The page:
Rossignol S86W Freeski (2011) - Ski Mag

Rossignol S86W Freeski (2011)

Rossignol’s S86 ranked No. 1 in the Men’s Mixed Snow category (see p. 73). The women’s version is, thankfully, not watered down: Vertical sidewalls, two sheets of metal and a full wood core give it plenty of hard-snow integrity. Meanwhile, a rockered tip and tail ease through crud and bumps like water running downhill. (It scored No. 3 in Forgiveness.) Testers agreed that the S86W suited the category perfectly: a Jill of all trades that scored highly in every criterion, but didn’t stand out in any one. A very versatile ski for all levels. “Super fun and smooth,” said Gillet. “You could really take them anywhere.”
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2011 Rosignol S86W Freeski

Rating: / 5
Price: $750.00
Year: 2011
Level: 2
Gender: Female
Waist Width:
Tip/Tail/Waist: 130/86/116
Lengths: 170

Stability at speed: 3.23 / 5
Hard snow performance: 3.37 / 5
Crud performance: 3.23 / 5
Forgiveness: 3.07 / 5

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Rossignol Avenger 82 Ti (2011)

In a category of race-bred Type A carvers, the Avenger isn’t afraid to let its fun, playful side show, and testers universally loved it for that. Talk about balance of skills: The Avenger earned the top mark in only one criterion, but was so strong across the board that it earned the No. 1 ranking overall. That one criterion? Forgiveness. Sure, it’s a race-ready, wood-core construction with two sheets of metal and stout sidewalls, but it never forgets that skiing is supposed to be enjoyable. “Easy, smooth, creamy feel,” said Preston. “An all-around winner.”

Rosignol S86

Rossignol S86 Freeride (2011)

Rossignol had a great test this year, and here’s the poster child of the Rooster’s fully fledged return to relevance. The S86 is an accomplished generalist. Sidecut and traditional camber underfoot combined with a wood-core, metal-reinforced construction make it surefooted on hard snow. But rocker and reverse camber tip-and-tail make it fun and easy in powder, crud, even bumps. It pivots, skids, smears, carves—whatever is asked of it—making it a great choice for anything but the deepest powder or hardest ice. “Hungry for fun in all conditions, especially crud and bumps,” said Scholey.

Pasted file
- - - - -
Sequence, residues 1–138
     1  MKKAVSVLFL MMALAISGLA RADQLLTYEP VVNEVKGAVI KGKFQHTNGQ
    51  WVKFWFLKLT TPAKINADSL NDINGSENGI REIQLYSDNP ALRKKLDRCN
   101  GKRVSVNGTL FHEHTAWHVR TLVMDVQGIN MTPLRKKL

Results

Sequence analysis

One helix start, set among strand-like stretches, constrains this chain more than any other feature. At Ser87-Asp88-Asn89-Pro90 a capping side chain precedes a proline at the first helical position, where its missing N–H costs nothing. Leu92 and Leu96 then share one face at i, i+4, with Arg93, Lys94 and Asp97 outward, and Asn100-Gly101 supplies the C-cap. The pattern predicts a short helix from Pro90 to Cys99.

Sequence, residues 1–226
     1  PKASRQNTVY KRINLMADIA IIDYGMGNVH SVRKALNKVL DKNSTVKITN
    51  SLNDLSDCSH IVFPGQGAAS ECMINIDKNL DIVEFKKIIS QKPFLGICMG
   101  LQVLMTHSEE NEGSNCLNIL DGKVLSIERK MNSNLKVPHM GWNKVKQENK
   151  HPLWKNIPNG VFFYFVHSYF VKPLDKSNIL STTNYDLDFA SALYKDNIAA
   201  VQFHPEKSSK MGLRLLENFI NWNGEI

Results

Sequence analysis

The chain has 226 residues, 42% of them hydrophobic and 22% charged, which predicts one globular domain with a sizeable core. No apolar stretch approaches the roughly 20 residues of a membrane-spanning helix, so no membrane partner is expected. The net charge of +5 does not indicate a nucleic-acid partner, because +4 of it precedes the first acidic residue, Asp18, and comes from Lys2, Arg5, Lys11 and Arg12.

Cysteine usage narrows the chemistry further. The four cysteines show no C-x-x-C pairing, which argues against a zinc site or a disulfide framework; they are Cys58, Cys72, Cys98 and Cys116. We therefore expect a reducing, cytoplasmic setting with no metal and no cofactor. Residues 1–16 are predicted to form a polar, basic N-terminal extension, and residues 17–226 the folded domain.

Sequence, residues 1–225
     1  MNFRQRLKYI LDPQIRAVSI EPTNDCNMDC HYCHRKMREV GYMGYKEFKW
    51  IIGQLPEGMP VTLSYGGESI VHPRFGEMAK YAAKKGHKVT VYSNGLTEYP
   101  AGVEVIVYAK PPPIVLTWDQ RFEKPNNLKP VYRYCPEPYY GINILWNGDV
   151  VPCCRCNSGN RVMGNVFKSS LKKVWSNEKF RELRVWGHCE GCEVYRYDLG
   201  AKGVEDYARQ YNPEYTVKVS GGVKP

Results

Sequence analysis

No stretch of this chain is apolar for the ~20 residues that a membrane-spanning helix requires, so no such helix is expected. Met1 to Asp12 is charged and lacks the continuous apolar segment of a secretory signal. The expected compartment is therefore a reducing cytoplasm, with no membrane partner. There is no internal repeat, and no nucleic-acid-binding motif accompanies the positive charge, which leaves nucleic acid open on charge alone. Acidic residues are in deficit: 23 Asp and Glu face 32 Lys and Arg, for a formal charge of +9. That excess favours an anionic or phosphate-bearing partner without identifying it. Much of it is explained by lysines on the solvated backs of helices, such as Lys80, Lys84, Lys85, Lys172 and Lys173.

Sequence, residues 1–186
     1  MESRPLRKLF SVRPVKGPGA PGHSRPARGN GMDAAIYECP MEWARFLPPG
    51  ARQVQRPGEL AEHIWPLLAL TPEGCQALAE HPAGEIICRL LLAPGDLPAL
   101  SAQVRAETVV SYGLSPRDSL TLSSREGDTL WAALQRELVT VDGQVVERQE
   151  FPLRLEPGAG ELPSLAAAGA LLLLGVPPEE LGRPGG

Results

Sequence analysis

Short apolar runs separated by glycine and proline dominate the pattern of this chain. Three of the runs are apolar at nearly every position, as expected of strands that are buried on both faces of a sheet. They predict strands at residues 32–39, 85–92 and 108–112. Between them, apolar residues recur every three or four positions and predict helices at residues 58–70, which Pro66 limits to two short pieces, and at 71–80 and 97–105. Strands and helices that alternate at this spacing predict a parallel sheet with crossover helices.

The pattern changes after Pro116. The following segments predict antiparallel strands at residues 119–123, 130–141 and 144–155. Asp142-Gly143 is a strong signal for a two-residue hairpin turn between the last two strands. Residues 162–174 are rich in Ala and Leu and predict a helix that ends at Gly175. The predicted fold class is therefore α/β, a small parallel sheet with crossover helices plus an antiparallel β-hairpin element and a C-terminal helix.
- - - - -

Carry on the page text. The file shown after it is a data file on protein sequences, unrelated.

Rosignol S86

Rossignol S86 Freeride (2011)

Rossignol had a great test this year, and here’s the poster child of the Rooster’s fully fledged return to relevance. The S86 is an accomplished generalist. Sidecut and traditional camber underfoot combined with a wood-core, metal-reinforced construction make it surefooted on hard snow. But rocker and reverse camber tip-and-tail make it fun and easy in powder, crud, even bumps. It pivots, skids, smears, carves—whatever is asked of it—making it a great choice for anything but the deepest powder or hardest ice. “Hungry for fun in all conditions, especially crud and bumps,” said Scholey.

Rossignol S110W (2011) thumb

Rossignol S110W (2011)